Will the future for one of America’s biggest automakers finally turn to electrified powertrains?
What are some of the weirdest green cars ever proposed?
Will BMWs act like the latest smartphones?
This is our look back at the Week In Reverse—right here at Green Car Reports—for the week ending June 2, 2018.
Friday, Fiat Chrysler Automobiles laid out its latest five-year plan and the Jeep brand will lead the automaker’s electrification strategy. Specifically, a Grand Commander electric SUV will lead the charge.
Also on Friday, we learned how Estonia-based Nobe hopes to put its small electric three-wheeler into production with help from a crowdfunding campaign.
Thursday we heard that after Consumer Reports first refused to recommend the Model 3 electric sedan due to poor braking performance, the publication reevaluated the car following a firmware update and bestowed its recommendation. The update, as promised by Tesla CEO Elon Musk, improved stopping distances from 60 mph by more than 20 feet.
On Thursday, the International Energy Agency predicted that 125 million electric cars will hit the road globally by 2030. The figure is about 40 times higher than the number of electric cars deployed today.
The EPA watchdog declared Wednesday that director Scott Pruitt’s signature decisions at the agency will require a review. They include a decision to limit scheduled tightening of emissions and fuel-economy standards.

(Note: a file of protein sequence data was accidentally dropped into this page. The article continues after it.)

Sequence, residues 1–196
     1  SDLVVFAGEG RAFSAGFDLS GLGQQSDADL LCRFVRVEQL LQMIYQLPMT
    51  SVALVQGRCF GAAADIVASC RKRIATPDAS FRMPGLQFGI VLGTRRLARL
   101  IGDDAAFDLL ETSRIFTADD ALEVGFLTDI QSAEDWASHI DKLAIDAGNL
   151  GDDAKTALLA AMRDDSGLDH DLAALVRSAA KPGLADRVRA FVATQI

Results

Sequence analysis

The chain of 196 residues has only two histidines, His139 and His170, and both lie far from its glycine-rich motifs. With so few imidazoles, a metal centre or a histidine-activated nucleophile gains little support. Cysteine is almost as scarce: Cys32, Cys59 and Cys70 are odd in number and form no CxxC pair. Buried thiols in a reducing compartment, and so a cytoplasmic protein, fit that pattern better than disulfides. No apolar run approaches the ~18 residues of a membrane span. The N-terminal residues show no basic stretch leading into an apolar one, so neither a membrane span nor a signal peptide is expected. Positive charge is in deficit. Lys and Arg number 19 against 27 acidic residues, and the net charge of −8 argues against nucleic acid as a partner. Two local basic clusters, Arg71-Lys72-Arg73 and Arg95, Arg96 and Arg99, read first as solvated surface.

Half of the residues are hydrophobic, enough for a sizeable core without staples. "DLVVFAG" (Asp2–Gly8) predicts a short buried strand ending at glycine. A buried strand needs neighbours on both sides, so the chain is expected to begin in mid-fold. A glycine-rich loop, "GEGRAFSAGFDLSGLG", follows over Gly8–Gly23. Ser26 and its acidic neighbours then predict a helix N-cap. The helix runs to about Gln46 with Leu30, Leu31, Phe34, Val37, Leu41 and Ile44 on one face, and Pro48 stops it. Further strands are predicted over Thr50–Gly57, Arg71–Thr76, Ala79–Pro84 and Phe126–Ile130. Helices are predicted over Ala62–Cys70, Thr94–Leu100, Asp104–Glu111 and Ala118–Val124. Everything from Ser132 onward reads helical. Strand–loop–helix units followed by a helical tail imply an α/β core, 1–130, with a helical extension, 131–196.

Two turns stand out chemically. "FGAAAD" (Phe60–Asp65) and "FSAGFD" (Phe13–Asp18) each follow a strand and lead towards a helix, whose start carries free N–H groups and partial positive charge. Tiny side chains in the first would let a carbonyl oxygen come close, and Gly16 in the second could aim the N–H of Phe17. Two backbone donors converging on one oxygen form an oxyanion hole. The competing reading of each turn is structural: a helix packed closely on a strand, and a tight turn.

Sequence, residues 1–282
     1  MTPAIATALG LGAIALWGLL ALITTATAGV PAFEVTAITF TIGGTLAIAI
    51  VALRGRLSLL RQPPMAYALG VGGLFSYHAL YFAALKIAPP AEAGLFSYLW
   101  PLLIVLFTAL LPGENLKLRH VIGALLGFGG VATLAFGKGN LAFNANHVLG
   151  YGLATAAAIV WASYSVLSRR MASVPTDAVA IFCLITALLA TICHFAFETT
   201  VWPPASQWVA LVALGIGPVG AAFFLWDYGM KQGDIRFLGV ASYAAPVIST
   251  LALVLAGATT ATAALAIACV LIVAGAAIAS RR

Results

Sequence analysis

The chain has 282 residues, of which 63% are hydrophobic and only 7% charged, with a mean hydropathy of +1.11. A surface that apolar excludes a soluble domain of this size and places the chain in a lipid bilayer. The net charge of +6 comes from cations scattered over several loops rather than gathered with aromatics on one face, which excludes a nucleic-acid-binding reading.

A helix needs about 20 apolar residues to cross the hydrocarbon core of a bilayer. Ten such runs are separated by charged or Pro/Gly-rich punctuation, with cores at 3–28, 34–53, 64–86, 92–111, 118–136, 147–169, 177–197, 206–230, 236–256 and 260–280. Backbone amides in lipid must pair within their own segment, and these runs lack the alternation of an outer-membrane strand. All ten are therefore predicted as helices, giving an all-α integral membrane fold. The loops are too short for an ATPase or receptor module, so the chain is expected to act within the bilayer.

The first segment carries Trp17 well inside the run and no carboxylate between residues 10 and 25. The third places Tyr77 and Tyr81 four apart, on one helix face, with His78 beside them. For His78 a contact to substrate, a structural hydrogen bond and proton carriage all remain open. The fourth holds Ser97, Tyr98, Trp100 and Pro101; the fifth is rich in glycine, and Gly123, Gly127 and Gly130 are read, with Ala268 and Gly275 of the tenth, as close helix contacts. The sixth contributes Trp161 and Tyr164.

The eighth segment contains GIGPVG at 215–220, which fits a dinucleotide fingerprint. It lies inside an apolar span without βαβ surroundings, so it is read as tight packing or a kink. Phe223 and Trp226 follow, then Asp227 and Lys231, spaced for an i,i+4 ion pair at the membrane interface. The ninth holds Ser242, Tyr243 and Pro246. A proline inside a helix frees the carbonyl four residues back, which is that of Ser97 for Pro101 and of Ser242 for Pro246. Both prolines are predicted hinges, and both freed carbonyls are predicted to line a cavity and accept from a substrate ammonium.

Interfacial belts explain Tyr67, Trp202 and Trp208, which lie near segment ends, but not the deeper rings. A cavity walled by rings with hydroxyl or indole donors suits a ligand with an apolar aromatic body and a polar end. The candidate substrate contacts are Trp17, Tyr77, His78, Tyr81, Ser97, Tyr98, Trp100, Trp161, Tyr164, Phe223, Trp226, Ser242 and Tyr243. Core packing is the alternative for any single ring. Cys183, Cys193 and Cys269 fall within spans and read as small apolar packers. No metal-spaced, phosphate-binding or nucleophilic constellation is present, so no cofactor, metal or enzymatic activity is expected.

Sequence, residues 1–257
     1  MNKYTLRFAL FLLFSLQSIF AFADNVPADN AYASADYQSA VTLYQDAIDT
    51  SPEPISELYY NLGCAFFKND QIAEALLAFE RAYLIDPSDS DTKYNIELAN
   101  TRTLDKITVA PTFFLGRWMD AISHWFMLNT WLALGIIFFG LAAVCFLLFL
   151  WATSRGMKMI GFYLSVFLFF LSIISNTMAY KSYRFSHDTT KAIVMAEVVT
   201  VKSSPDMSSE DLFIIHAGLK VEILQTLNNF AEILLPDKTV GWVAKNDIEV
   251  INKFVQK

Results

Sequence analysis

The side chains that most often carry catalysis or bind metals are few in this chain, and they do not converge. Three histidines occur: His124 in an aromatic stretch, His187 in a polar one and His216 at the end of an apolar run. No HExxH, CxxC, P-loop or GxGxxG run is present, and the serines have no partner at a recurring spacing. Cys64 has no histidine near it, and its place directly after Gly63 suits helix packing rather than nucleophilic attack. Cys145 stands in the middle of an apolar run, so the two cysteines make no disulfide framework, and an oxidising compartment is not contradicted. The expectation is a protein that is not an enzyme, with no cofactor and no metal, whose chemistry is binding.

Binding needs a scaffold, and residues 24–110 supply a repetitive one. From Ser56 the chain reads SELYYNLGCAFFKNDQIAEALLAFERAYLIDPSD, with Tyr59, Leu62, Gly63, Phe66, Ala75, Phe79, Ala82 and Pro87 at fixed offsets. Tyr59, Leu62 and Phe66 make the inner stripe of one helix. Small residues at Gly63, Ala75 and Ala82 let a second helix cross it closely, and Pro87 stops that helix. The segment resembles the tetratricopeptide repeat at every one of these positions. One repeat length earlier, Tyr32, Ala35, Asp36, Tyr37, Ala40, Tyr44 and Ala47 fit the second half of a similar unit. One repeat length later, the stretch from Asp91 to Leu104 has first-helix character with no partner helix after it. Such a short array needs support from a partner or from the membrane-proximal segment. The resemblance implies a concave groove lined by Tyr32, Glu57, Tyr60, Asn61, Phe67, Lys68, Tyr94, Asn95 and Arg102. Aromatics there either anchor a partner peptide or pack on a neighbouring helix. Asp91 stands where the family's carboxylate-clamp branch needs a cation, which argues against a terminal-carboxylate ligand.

Buyers on the waiting list for a Tesla Model 3 may be taken by surprise if their name doesn’t make it to the top of the list by October, we reported Tuesday. That’s when the company’s cars will become ineligible for the full $7,500 federal tax credit, based on current sales trends.
Also on Tuesday, solar cars have been the things of university science fairs for decades—cars running on bicycle tires, with drivers lying prone inside to maximize aerodynamics. Even covering the car’s body with solar cells couldn’t provide enough power to drive an ordinary car down the road. Now a new European startup company, Sono Motors, is combining the idea of an electric car with one covered in solar cells. Solar energy can recharge about 18 miles of driving a day in its Sion electric car, and drivers can plug in to go up to 155 miles.
The Buckminster Fuller designed Dymaxion – image: National Automobile Museum
On Monday, we looked at the most bizarre green cars that automakers have proposed.
And on Sunday, we looked at how ads for internal-combustion cars are now qualifying how they advertise “superlatives” related to their cars—in deference to electrics.